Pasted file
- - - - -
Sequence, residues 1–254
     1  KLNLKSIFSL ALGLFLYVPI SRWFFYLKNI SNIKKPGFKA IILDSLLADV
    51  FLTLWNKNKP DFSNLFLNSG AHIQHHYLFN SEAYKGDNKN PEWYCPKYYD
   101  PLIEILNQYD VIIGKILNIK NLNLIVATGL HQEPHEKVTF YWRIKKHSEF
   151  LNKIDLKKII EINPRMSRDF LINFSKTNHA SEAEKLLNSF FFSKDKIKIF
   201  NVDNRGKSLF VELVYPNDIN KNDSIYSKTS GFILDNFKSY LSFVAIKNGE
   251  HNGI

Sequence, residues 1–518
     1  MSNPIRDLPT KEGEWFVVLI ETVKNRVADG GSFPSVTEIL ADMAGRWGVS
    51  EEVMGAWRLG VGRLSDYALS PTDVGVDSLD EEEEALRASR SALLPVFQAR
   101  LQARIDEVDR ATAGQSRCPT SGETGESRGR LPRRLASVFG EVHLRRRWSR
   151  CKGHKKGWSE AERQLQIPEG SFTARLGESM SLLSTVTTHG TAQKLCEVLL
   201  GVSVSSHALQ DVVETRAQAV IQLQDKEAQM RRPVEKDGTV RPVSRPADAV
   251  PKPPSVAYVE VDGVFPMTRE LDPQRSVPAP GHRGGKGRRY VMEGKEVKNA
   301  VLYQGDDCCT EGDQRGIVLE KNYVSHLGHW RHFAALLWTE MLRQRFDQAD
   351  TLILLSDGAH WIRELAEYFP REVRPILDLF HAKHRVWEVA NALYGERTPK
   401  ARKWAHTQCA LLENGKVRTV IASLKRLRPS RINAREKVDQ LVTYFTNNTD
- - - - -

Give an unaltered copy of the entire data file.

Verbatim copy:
Sequence, residues 1–254
     1  KLNLKSIFSL ALGLFLYVPI SRWFFYLKNI SNIKKPGFKA IILDSLLADV
    51  FLTLWNKNKP DFSNLFLNSG AHIQHHYLFN SEAYKGDNKN PEWYCPKYYD
   101  PLIEILNQYD VIIGKILNIK NLNLIVATGL HQEPHEKVTF YWRIKKHSEF
   151  LNKIDLKKII EINPRMSRDF LINFSKTNHA SEAEKLLNSF FFSKDKIKIF
   201  NVDNRGKSLF VELVYPNDIN KNDSIYSKTS GFILDNFKSY LSFVAIKNGE
   251  HNGI

Sequence, residues 1–518
     1  MSNPIRDLPT KEGEWFVVLI ETVKNRVADG GSFPSVTEIL ADMAGRWGVS
    51  EEVMGAWRLG VGRLSDYALS PTDVGVDSLD EEEEALRASR SALLPVFQAR
   101  LQARIDEVDR ATAGQSRCPT SGETGESRGR LPRRLASVFG EVHLRRRWSR
   151  CKGHKKGWSE AERQLQIPEG SFTARLGESM SLLSTVTTHG TAQKLCEVLL
   201  GVSVSSHALQ DVVETRAQAV IQLQDKEAQM RRPVEKDGTV RPVSRPADAV
   251  PKPPSVAYVE VDGVFPMTRE LDPQRSVPAP GHRGGKGRRY VMEGKEVKNA
   301  VLYQGDDCCT EGDQRGIVLE KNYVSHLGHW RHFAALLWTE MLRQRFDQAD
   351  TLILLSDGAH WIRELAEYFP REVRPILDLF HAKHRVWEVA NALYGERTPK
   401  ARKWAHTQCA LLENGKVRTV IASLKRLRPS RINAREKVDQ LVTYFTNNTD